Rediscovering make: automatic variablesJanuary 22, 2018
Despite its simplicity, automatic variables are very convenient when writing non-trivial makefiles. This article covers what they are and how to use them.
note: if you need a quick refresher on rules, check out the previous post on the make series.
As patterns can be really useful to define targets and prerequisites, they are also dynamic: every time the recipe is run the wildcard can be matching different files, which is a problem if you need to reference them in your recipe.
You can deal with this using automatic variables. As the name implies,
make defines a set of variables for you every time a rule is executed, based on the target and the prerequisites of the rule.
While automatic variables are most useful with patterns, the following examples use static file names in order to simplify the concepts, but all of what's described above works for patterns too.
Suppose you have the following rule:
targetdir/targetfile.o : pre.c predir/pre.h | order-only.c
When the recipe is run, the following variables are automatically assigned:
|$@||file name of the target||targetdir/targetfile.o|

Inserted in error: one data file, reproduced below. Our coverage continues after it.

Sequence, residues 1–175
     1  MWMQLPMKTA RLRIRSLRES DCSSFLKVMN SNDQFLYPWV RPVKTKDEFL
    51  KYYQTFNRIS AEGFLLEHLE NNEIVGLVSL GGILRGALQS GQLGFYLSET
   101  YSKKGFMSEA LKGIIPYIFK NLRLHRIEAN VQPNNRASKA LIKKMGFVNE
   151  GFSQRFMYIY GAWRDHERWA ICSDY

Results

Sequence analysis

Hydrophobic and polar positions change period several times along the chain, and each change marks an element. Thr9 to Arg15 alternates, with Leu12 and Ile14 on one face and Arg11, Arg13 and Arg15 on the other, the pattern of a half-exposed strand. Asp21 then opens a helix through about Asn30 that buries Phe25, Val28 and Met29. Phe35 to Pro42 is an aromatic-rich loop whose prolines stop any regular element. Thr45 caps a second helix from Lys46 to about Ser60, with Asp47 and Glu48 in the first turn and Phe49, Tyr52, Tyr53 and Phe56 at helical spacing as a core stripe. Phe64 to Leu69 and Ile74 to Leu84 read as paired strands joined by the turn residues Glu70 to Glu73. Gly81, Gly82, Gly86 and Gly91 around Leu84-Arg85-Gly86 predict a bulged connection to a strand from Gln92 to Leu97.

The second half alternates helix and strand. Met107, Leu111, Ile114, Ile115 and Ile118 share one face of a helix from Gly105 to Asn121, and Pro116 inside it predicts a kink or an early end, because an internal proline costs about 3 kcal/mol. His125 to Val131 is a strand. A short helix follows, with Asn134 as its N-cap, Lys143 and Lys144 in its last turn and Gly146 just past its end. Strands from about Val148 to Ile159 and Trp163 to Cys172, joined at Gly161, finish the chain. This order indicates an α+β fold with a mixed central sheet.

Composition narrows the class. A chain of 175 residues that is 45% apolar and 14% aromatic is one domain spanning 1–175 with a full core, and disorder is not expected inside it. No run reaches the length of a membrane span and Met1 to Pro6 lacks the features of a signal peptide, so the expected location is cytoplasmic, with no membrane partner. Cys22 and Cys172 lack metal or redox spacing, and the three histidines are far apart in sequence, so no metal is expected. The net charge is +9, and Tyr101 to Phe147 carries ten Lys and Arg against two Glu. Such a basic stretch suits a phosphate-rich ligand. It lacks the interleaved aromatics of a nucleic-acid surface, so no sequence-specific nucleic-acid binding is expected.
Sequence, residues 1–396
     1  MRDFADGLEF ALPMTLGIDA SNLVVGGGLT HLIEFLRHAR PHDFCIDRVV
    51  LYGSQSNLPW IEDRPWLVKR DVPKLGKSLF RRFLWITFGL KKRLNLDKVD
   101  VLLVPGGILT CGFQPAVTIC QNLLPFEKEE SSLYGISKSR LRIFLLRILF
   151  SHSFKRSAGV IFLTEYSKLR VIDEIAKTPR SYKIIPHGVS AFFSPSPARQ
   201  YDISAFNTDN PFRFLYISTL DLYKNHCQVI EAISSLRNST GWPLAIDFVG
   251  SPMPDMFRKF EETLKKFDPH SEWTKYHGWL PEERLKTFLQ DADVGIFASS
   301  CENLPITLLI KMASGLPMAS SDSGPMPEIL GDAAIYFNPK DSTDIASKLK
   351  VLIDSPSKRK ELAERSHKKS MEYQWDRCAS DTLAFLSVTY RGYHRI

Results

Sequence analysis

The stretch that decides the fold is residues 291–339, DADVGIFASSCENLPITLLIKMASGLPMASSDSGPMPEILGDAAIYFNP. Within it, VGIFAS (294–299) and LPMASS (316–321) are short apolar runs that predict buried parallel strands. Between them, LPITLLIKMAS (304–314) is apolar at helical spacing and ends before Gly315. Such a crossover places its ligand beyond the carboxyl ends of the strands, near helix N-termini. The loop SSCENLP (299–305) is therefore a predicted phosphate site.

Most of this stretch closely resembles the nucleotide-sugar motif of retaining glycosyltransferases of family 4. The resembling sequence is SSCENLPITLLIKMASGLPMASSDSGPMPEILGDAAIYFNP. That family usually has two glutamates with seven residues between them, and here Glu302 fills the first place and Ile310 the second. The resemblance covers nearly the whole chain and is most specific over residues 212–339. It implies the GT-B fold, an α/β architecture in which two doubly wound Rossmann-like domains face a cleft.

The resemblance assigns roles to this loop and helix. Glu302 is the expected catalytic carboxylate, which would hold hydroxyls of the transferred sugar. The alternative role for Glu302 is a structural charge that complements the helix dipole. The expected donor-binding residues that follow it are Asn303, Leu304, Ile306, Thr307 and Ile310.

|$<||name of the first prerequisite||pre.c|
|$?||names of all prerequisites newer than the target||depends on context|
|$^||names of all prerequisites||pre.c predir/pre.h|
|$|||names of all the order-only prerequisites||order-only.c|
|$*||stem with which an implicit rule matches||targetdir/targetfile|
|$%||name of the archive member (see archives)||-|
Sometimes, you may only need only the directory or the filename of the variable, for this scenario
make offers two modifiers you can add to your variables:
|D||the directory part||
|F||the file-within-directory part||
Modifiers are added right next to the variable and need to be wrapped in parenthesis, for example if
As automatic variables can be difficult to remember, here are a couple of resources to help you:
A good way to learn is by experimentation: create a directory, place mock files in there, and define your targets and prerequisites, then, instead of doing something useful in the recipe, just print the variables:
targetdir/targetfile.o : predir/pre.h | order-only.c
@echo '@: $@'
@echo '%: $%'
@echo '<: $<'
@echo '?: $?'
@echo '^: $^'
@echo '|: $|'
@echo '*: $*'
I published snippet packs for Visual Studio Code and Sublime Text that may come in handy: they give you a list of the available variables, followed by a short explanation of their purpouse:
note: If you are using another editor there are tools to convert between snippets formats.